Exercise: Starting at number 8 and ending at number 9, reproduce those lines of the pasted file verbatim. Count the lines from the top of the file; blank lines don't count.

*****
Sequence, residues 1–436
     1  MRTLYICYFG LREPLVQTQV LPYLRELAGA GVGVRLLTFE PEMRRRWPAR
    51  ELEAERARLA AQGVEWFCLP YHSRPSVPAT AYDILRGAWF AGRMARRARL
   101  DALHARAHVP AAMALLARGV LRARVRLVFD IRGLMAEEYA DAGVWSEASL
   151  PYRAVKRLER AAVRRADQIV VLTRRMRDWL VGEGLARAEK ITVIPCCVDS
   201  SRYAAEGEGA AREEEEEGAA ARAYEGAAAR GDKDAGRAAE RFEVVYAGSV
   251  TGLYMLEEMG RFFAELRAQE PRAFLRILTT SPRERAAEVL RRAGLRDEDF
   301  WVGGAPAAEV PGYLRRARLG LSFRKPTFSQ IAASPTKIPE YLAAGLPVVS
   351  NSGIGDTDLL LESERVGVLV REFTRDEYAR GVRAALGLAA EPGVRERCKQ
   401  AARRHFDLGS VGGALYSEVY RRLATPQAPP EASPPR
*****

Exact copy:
   301  WVGGAPAAEV PGYLRRARLG LSFRKPTFSQ IAASPTKIPE YLAAGLPVVS
   351  NSGIGDTDLL LESERVGVLV REFTRDEYAR GVRAALGLAA EPGVRERCKQ